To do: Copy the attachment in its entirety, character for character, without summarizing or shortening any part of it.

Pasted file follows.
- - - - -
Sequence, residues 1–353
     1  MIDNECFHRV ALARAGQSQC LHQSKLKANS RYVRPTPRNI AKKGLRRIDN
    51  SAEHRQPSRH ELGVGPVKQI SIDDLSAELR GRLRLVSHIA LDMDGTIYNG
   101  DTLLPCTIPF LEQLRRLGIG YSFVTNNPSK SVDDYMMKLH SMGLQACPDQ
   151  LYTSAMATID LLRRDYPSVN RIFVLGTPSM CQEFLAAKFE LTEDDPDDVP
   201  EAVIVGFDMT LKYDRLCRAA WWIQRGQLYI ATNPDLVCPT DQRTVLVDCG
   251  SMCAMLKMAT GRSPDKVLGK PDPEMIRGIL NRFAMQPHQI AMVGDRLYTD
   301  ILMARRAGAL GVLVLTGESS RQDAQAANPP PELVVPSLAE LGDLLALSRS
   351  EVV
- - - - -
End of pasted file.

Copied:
Sequence, residues 1–353
     1  MIDNECFHRV ALARAGQSQC LHQSKLKANS RYVRPTPRNI AKKGLRRIDN
    51  SAEHRQPSRH ELGVGPVKQI SIDDLSAELR GRLRLVSHIA LDMDGTIYNG
   101  DTLLPCTIPF LEQLRRLGIG YSFVTNNPSK SVDDYMMKLH SMGLQACPDQ
   151  LYTSAMATID LLRRDYPSVN RIFVLGTPSM CQEFLAAKFE LTEDDPDDVP
   201  EAVIVGFDMT LKYDRLCRAA WWIQRGQLYI ATNPDLVCPT DQRTVLVDCG
   251  SMCAMLKMAT GRSPDKVLGK PDPEMIRGIL NRFAMQPHQI AMVGDRLYTD
   301  ILMARRAGAL GVLVLTGESS RQDAQAANPP PELVVPSLAE LGDLLALSRS
   351  EVV